28... Kb7 29.Kg2 Ra8 30.h4 Kh3 and g4-g5 are to follow. Radjabov knows he's in trouble. Anand just drew his game with Topalov and now Carlsen has a chance to tie the first place if he wins this game. According to Morelia Linares rules (have to doublecheck) individual score is first tiebreak, and in such case Anand will be declared winner. Anyway, Carlsen had a fantastic start of the season, having tied first at Corus and fighting for the first place in Linares.
30... g5!? Radjabov is sacrificing a pawn for some activity, maybe the only practical chance. (30... Qh5 31.Kh3 g5 32.g4! and white is significantly better)
31.Qe3 Rg8 32.Rf5 (32.Rh1!? was worth of consideration, because then black queen is not coming to the 1st rank.)
32... Qh5 33.hxg5 Qd1 The whole point behind the pawn sacrifice. The queen will try to ruin white's coordination with the constant presence on the back ranks. 34. Rf7!? Qh5 35. Qf3!? looks promising.
34.Rf7 Qh5 35.Qf3 Qxg5!? (35... Rxg5 36.Qxh5 Rxh5 and even if the Rh5 looks passive, it has sufficient potential to prevent white king from marching to the queenside for b3-b4 break. It is unclear how can white win this without king's activity.)
36.Rxh7 Qf4!? 37. Qxf4 exf4 38. Rh3 Kc8 would be a drawing rook endgame. Rook somewhere on the h-file (h1, h2, h3, h5) should be played.
37.Rh5! Idea Rf5
37... Rg7 38.Qd3 Preventing Qd2+ with Rf5 to follow. Black queen still has c1 square though.
38... Qc1! Radjabov has good counterplay now.
39.Qf3 Qf4 40.Qxf4 exf4 41.Rh3 fxg3 42.Rxg3 Black should be able to hold this endgame to a draw.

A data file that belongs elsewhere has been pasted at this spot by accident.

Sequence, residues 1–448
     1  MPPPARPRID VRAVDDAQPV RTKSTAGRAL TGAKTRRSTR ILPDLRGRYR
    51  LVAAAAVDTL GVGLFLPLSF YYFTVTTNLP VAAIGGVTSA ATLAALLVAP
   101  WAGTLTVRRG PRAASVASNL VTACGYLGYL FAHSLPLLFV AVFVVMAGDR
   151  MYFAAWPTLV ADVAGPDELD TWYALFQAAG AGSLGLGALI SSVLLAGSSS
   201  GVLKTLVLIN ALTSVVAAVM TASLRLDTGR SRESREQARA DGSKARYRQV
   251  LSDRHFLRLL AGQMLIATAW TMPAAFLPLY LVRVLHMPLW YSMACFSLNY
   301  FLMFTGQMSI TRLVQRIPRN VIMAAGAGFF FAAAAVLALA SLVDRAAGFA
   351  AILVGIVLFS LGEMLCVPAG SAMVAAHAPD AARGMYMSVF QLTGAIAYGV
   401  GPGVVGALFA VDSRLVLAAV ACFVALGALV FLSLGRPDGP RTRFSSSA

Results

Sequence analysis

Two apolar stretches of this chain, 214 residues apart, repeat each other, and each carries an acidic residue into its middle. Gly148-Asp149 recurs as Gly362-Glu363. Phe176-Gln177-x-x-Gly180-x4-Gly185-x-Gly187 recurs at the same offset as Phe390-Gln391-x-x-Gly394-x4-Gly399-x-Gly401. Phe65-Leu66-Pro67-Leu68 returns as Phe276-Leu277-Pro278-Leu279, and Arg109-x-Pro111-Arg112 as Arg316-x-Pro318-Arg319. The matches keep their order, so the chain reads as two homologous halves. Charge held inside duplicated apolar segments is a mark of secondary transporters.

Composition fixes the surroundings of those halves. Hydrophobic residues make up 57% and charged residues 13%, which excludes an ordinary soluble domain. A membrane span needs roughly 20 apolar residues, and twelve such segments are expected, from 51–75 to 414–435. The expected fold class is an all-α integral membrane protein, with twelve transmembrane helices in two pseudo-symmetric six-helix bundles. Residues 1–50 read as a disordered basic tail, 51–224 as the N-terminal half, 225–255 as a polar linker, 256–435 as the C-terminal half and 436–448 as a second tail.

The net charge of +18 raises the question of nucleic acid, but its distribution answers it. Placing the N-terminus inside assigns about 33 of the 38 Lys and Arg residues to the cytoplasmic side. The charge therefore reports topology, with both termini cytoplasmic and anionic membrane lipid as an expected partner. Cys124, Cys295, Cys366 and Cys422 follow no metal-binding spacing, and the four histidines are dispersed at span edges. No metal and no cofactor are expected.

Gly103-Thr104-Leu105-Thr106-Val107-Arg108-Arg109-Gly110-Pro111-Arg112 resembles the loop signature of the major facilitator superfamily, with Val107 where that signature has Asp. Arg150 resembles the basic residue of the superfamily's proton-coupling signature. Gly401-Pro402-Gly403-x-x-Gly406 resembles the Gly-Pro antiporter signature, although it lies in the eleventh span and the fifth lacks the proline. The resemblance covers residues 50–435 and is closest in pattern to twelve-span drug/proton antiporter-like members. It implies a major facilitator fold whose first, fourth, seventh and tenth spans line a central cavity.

42... Rh7 43.Kf3 Rf7+ 44.Ke3 Rf1 45.Kd4 Rd1+ Both are playing fairly quick, Carlsen has 105 minutes on his clock!
46.Rd3 Re1 47.Re3 Rd1+ 48.Kc3 Rc1+ 49.Kd2 Rb1 50.e5!? dxe5 51.Kc2 Rh1 52.Rxe5 Rh3! Practically, Radjabov still has to work in 4:3 position to secure a draw, but we should bear in mind that he is fantastic endgame player. Rh3 will have an eye on white's only weakness - b3, thus obstructing Carlsen's attempts to do anything active.
53.Re2 Going for a bridge on d3...
53... Kc8 54.Rd2 Kd7 55.Rd3 Rh2+ 56.Kc3 Rh1 57.Rg3 Rd1 58.Rg7+ Kd6 59.Rg6+ Kd7 60.Rc6!? Interesting idea to prepare c5, or even d6 at some moment, but Radjabov has enough squares on the d-file to stop it, 60...Rc1+ 61. Kb2 Rd1 62. Kc2 Rd4
60... Rc1+ 61.Kb2 Rd1 62.Kc2 Rd4 63.b4 axb4 64.Kb3 Rd1 65.Kxb4 Rb1+ 66.Kc3 Ra1 67.Kb3 Rb1+ 68.Ka2 Rb4 69.Ka3 Rb1 and the players have agreed to draw after a well fought endgame! Excellent defending effort from Radjabov who sacrificed a pawn at the right moment to gain some counterplay. Perhaps Carlsen missed some better moves (32. Rh1!?), but in general he had a wonderful tournament. Tied first at Corus and clear second at Linares proves that wonderboy is ready for a big year. This closes our live coverage of 2008 Morelia Linares, thank you everyone for joining us. Final report will follow later tonight, make sure to look at Chessdom homepage. 1/2-1/2